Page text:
Monday, September 26, 2011

Annie Rides Again

Back in the 1950s Al Capp, giving his reasons for allowing Daisy Mae to marry Lil Abner, mentioned a rival comic strip featuring “an orphan who spoke like the Republican platform of 1928.” Well folks; Orphan Annie has been reincarnated, and not surprisingly, in the form of the entire Republican Party. The common denominator is the claim that American business needs fewer, not more, regulations and should be left to its own devices. “Small” is the adjective of choice in referring to business. This is either a euphemism or a lie, take your pick.

The word “regulations” is being used by Annie’s disciples in a tone that makes it sound like a profanity. Regulations, rules or laws, call them what you will, have always been with us, and not necessarily to our benefit. A strong argument can be made, with which I agree, against our legal position on marijuana. On the other hand I doubt that the most fanatical libertarian would call for eliminating traffic lights.

Back in Annie’s day a grossly unequal share of the wealth resulting from unbridled laissez faire didn’t shake voters’ faith in Herbert Hoover’s promise of “a chicken in every pot and a car in every garage.” A couple of years later, when even rich folks started jumping out of tall buildings, people realized that something was very wrong so they made rules to prevent a repeat performance.

Years later Annie made her first reincarnation in the form of a Hollywood actor and started convincing us that these rules were no longer necessary. Eventually it became evident that she was wrong again, except for folks like her Daddy Warbucks (a well chosen name) who haven’t been jumping out of buildings. In fact they’re doing quite nicely thank you.

Of course the financial community still has some regulations. Embezzlement is frowned on in courts of law and apprehended violators generally do jail time. But Daddy Warbucks and his friends have avoided the hoosegow and are now busily comparison shopping for their most practical items, members of Congress. Annie should be so proud!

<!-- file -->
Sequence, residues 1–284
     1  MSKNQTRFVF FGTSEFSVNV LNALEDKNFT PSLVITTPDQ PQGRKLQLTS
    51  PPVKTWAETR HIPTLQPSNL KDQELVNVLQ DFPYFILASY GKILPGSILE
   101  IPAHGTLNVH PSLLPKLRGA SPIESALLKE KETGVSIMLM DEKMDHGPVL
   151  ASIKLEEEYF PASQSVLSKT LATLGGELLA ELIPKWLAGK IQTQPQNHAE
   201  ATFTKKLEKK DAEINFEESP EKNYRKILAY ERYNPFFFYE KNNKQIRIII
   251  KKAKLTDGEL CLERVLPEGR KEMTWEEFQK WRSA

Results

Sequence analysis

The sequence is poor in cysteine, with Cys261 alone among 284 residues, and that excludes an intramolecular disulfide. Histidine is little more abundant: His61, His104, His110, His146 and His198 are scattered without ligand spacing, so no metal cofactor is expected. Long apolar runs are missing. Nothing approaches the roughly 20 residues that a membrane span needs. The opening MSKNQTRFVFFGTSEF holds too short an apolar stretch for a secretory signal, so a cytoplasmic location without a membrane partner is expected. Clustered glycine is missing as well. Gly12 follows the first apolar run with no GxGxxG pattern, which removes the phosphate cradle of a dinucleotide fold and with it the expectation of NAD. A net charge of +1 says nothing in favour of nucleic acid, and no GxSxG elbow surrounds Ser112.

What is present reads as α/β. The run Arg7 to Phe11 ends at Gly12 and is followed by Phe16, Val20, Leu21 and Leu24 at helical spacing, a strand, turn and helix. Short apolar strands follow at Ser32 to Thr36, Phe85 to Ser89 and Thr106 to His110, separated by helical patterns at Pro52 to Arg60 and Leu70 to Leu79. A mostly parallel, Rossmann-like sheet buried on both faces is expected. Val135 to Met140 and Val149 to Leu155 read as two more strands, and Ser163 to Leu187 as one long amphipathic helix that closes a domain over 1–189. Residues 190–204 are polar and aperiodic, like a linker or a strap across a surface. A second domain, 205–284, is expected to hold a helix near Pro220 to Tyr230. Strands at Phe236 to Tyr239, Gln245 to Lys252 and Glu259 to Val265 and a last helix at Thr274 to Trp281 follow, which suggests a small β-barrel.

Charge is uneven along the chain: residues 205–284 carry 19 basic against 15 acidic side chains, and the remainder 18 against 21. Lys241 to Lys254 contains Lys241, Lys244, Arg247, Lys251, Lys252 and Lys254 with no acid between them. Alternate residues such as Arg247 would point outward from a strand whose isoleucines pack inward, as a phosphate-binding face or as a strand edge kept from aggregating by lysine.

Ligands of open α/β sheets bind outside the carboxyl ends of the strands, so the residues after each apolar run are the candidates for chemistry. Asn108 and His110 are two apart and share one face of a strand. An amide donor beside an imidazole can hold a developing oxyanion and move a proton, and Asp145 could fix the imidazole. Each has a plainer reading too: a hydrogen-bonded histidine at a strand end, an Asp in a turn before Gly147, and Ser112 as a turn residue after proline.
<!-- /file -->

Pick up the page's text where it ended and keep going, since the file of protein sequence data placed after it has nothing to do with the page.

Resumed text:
A bit of trivia: Al Capp subsequently inserted Orphan Annie type characters in Lil Abner. Daddy Warbucks was “Uncle Sawbuck” and his assistant was “Franklin Finog,” spelled backwards Gonif, Yiddish for thief.

Friday, September 23, 2011

Not To Be Spoken

“The single most important thing we want to achieve is for President Obama to be a one term president.” It’s common knowledge that these words were spoken by Republican Senate Leader Mitch McConnell.  This is hardly an unthinkable thought. I wouldn’t be surprised if throughout our history a majority of Congress has felt this way about a first term president from the opposing party.  But to my knowledge it has been an unspeakable thought for someone of this prominence who can be considered as spokesman for his political party.
It’s easy to see that under normal circumstances this statement could put Mr. McConnell out on a limb. After all there are legislative decisions that might conceivably benefit the nation during Obama’s tenure and, in the process, enhance his reelection prospects. The words “single and most important thing” are unequivocal as to how Republican Senators should vote in such situations if they followed instructions as they have been doing. Our history is replete with unspoken conflicts of this nature in both political parties with the nation often getting the short end of the stick.
But to my knowledge this candor from someone so high in our legislative hierarchy is a first of its kind. It was no slip of the tongue and raises the question of why McConnell would break precedent and run the risk of confirming doubts on the integrity of votes from members of his party. It’s one thing not to play by the rules, or at least the pretense of rules. It’s quite another to defiantly announce that you intend to break them.
To me the answer is that he thought he could get away with it. Subsequent events have proven him right. This leads to another question. How did he know he could publicly and blatantly flaunt President Barack Hussein Obama without adverse consequences? Need I answer this question?
Maybe we should be appreciative of McConnell for his honesty. My personal take, to borrow a phrase from the British, is that if this is loyal opposition I shudder to think of the alternative.

Sunday, September 18, 2011

The Greater Evil

It’s human nature for people of a political persuasion to hope that the least electable candidate represents the opposition. A graphic example is the Nixon campaign in 1972. The “dirty tricks” against his moderate opponents, Muskie and Humphrey, were well chronicled in the Senate Watergate hearings. Few people seemed to notice that George McGovern’s name was not among the victims. The fact may be forgotten or not even known by many. But during the primary season when he was unopposed, Nixon donors were instructed to send their donations to George McGovern.*  By this standard, as a Democrat I should be hoping for the nomination of Rick Perry, now that the GOP field seems to be distilling to two candidates. This is not the case.